The 112th Congress is set to end without a vote on aid for victims of Superstorm Sandy, and New York lawmakers are furious.
Democratic Rep. Steve Israel told CNBC on Wednesday that despite bipartisan support, the House Republican leadership "threw us off another cliff, the 'hurricane cliff.'" (Read More: Congress Ends Without Vote on Sandy Aid Bill)
The Senate approved a $60 billion measure for Sandy victims on Friday.
"We have a new Congress that gets sworn-in [Thursday]. We need to get this [Sandy] bill on the floor as the first order of business," Israel said on "Squawk Box."
While the House failed to vote on the Sandy bill, it did pass a deal to avoid the "fiscal cliff."
"I voted for this bill. There was plenty in this bill I didn't like," he said. "I wish we achieved more deficit reduction."
The cliff deal that passed by the House late Tuesday included a delay of the automatic spending cuts for two months and income tax increases for American families making more than $450,000 — a higher level than the $250,000 threshold President Barack Obama wanted. (Read More: US Avoids Calamity in 'Fiscal Cliff' Drama)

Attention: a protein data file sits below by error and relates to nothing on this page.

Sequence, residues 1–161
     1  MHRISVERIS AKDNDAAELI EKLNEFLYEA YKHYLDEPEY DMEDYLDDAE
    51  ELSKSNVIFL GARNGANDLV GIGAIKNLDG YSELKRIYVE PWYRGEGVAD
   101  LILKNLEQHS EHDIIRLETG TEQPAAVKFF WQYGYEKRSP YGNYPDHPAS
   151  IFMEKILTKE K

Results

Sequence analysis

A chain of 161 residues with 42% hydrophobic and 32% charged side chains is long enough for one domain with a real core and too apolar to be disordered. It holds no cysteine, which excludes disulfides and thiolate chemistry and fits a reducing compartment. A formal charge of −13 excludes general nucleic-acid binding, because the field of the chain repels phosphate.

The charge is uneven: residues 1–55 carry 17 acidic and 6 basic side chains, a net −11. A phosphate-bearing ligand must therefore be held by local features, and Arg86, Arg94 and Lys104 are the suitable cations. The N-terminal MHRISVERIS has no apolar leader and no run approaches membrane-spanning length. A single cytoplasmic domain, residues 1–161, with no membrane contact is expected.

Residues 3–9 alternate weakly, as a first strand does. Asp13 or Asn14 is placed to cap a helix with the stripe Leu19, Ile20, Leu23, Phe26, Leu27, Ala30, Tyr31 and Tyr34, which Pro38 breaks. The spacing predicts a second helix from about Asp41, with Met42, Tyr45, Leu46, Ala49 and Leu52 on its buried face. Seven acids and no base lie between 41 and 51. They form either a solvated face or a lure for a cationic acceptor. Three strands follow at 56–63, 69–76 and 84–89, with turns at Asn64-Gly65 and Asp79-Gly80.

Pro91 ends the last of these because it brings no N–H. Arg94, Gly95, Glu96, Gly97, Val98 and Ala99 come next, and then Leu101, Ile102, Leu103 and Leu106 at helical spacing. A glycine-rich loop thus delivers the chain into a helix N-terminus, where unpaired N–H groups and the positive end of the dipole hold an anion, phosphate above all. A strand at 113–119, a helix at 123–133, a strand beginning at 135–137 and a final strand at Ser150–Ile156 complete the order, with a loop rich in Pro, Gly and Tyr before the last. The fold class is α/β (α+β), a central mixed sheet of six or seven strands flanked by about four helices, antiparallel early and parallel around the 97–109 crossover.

"I've been preaching for two years that $250,000 may make you rich in some areas of the country, but not in high cost of living areas like New York, New Jersey, California and elsewhere," pointed out Israel who's also chairman of The Democratic Congressional Campaign Committee (DCCC) — the official campaign arm of his party in the House of Representatives.
In the next 60 days or so, the president and Republicans are going to have to cut two deals: one on spending cuts and the other on whether to raise the nation's borrowing limit. Already, the president said he's not going to negotiate on the debt ceiling — a troubled road he went down with Republicans in 2011 that resulted in Standard & Poor's lowering the AAA credit rating of the U.S.
Israel fully supports the president on the debt limit. "We cannot play games with the full faith and credit of the United States government," he emphasized. "We can not play games with the debt ceiling."
—By CNBC's Matthew J. Belvedere; Follow him on Twitter @